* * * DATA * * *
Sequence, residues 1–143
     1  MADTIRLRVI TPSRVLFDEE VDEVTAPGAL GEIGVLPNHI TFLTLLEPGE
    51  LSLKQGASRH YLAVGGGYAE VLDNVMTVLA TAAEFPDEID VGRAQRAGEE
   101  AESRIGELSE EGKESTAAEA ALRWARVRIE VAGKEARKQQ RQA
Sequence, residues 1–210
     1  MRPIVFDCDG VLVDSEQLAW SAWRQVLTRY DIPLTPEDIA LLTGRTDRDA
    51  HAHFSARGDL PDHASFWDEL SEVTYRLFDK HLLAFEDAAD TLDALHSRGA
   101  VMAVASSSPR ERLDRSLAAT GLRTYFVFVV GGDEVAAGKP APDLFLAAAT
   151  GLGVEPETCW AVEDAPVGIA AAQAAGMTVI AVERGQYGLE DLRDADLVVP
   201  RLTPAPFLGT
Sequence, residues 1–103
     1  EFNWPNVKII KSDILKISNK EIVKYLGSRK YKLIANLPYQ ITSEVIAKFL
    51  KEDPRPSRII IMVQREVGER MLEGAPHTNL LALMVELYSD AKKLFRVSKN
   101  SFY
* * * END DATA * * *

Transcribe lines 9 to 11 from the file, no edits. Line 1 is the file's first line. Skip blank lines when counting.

   151  GLGVEPETCW AVEDAPVGIA AAQAAGMTVI AVERGQYGLE DLRDADLVVP
   201  RLTPAPFLGT
Sequence, residues 1–103